Dynamic person, context, and event determinants of individual motivation in teams
Posnock, Samuel Joseph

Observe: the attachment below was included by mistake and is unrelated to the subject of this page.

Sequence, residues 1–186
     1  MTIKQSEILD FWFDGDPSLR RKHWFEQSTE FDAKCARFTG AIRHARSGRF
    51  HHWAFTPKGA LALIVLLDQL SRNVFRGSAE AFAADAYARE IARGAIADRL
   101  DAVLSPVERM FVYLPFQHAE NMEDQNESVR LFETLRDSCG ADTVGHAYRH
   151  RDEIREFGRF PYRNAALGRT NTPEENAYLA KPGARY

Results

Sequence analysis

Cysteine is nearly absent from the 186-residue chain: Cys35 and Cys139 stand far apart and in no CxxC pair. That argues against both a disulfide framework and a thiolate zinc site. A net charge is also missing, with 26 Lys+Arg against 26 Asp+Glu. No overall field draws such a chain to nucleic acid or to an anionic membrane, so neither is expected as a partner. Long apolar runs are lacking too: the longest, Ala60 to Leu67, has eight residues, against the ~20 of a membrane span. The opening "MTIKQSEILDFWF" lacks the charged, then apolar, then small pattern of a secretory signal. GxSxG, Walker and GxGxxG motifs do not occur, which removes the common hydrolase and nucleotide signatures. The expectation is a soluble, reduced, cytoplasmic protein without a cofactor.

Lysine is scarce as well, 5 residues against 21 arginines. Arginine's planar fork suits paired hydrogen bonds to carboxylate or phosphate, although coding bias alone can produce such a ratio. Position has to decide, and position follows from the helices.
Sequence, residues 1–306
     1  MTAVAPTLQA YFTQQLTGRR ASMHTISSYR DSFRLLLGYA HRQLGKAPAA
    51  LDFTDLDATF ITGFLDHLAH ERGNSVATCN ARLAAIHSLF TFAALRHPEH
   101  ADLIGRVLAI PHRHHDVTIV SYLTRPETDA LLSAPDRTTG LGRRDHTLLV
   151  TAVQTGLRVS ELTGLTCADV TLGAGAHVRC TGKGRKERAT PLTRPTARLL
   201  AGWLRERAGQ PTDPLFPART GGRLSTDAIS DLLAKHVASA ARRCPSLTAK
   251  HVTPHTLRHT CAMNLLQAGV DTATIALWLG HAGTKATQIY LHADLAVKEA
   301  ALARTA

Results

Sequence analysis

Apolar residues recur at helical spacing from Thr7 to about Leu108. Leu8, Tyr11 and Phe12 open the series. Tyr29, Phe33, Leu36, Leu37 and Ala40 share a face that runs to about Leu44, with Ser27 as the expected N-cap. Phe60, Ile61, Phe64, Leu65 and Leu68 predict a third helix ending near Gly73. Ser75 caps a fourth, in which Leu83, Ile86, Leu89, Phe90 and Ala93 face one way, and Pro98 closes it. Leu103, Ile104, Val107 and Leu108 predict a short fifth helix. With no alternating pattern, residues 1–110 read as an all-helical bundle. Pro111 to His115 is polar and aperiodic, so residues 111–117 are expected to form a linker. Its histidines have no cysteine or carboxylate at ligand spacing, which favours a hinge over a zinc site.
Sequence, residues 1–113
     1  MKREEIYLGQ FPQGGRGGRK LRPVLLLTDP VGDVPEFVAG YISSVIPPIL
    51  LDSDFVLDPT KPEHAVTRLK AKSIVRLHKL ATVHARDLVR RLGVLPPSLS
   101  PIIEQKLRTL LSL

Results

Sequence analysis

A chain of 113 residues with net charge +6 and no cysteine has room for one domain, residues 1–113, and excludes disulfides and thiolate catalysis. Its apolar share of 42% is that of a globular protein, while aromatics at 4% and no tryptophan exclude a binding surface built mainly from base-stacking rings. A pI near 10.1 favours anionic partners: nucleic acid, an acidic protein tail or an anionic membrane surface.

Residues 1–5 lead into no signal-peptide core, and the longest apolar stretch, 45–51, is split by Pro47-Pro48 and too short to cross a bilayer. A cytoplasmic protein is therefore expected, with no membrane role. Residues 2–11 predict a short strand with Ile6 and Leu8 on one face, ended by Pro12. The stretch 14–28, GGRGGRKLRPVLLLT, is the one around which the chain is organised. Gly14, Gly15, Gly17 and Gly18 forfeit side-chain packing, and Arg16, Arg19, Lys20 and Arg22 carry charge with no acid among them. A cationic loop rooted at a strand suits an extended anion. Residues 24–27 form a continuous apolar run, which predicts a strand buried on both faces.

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Teams have become increasingly popular in organizations (Devine, Clayton, Philips, Dunford, & Melner, 1999), and the issue of process loss in teams presents a persistent challenge to teamwork and team effectiveness (Karau & Williams, 1993). The present study addresses a basic issue in process loss; namely, team member motivation to contribute personal resources toward individual and team-level goals. This study identified three sources of motivation in teams: Task demands, team attributes, and member traits. Individual motivation increased with task difficulty, increased as deadlines approached, and declined overall with time on task. Team efficacy was positively associated with episodic increases in motivation over time, while cohesion was unrelated to motivation. Trait motivation was positively related, and psychological collectivism negatively related to individual motivation. This relationship persisted over the lifespan of the team. The results of this study have implications for understanding the unique and joint role of individual and contextual influences on team member motivation over time and experience.